‘The “reveal” remains a very effective technique, and one with which I am very familiar from my time as a standup comedian. It may sound surprising, but a joke and a crime novel work in very much the same way. The comedian/writer leads their audience along the garden path. The audience know what’s coming, or at least they think they do until they get hit from a direction they were not expecting.
The best example I can think of from the world of crime fiction is in Thomas Harris’s novel, The Silence of the Lambs. The Swat team have the killer cornered and are approaching his house. At the same time, Clarice Starling has been dispatched to a small town many miles away to tie up a few loose ends. A member of the Swat teams ring the killer’s doorbell. We “cut” to the killer’s ghastly cellar where he hears the doorbell ring. This is the moment when the dummy is sold and the reader buys it completely. The reader stays with the killer as he slowly climbs the stairs. We know he has a gun. We know what he is capable of. He opens the door, and . . . it’s Clarice Starling! The Swat team are at the wrong house, she is at the right house and she doesn’t know it. It’s the perfect reveal and it happens at the precise moment that the reader turns the page. The best crime fiction is full of heart-stopping moments such as this.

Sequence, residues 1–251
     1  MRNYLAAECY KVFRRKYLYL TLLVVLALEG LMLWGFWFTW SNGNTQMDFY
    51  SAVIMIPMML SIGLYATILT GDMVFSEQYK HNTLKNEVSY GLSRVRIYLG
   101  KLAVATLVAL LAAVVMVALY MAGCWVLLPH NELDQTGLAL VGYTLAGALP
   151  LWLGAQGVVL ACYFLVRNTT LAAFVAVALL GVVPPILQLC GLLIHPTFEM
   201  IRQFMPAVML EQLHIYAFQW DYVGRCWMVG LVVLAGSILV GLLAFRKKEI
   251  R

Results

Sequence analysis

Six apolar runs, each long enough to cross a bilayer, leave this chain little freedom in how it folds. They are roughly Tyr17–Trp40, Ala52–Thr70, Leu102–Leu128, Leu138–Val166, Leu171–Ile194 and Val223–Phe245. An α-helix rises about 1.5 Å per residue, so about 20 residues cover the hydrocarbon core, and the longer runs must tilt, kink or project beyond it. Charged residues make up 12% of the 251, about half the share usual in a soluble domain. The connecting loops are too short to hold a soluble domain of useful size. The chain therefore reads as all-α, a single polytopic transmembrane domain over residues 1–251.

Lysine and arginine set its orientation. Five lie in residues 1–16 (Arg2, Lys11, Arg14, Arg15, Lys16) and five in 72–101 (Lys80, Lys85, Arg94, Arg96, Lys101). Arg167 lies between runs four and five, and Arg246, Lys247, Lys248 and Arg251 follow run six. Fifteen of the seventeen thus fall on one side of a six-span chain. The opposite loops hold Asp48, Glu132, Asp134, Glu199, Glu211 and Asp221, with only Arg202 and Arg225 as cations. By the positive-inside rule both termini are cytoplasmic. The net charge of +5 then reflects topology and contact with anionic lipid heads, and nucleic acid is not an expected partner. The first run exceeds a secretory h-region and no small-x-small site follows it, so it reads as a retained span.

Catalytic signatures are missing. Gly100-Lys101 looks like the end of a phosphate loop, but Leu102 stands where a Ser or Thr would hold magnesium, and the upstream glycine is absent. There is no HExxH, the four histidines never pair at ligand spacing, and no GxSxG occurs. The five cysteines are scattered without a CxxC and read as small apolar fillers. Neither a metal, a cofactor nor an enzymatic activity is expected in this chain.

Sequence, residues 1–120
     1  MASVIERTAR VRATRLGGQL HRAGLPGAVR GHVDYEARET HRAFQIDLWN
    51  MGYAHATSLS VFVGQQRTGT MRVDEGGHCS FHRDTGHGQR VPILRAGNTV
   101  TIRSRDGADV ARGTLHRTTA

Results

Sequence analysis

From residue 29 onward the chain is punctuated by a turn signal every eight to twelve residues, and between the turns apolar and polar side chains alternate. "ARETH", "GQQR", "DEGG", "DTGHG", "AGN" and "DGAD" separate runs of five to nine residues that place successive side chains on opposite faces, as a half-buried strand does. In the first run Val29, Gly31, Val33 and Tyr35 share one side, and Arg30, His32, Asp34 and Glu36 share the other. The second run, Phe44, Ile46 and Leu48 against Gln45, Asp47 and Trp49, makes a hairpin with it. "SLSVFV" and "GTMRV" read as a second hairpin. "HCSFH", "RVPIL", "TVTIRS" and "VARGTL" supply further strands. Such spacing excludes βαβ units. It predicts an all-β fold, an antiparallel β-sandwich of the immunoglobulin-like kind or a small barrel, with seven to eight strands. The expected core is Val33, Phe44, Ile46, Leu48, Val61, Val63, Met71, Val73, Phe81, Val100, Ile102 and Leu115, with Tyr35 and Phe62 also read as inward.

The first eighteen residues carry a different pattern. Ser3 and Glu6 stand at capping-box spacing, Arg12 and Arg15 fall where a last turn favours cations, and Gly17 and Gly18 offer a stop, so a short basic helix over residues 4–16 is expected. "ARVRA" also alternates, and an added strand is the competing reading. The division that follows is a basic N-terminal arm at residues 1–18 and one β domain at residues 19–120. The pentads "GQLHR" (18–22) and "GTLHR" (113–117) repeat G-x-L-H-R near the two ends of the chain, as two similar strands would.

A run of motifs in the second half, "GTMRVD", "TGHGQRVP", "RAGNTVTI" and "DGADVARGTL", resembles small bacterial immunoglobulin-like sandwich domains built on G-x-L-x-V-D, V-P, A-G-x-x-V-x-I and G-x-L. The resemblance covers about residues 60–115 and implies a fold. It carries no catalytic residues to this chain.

The reason that Harris’s reveal works so wonderfully, however, is not just because of the sublime timing. It works because of the character of Clarice Starling; a young woman the reader has come to know well and to empathise with. Ultimately, this is where I believe that the key to genuine suspense is to be found.’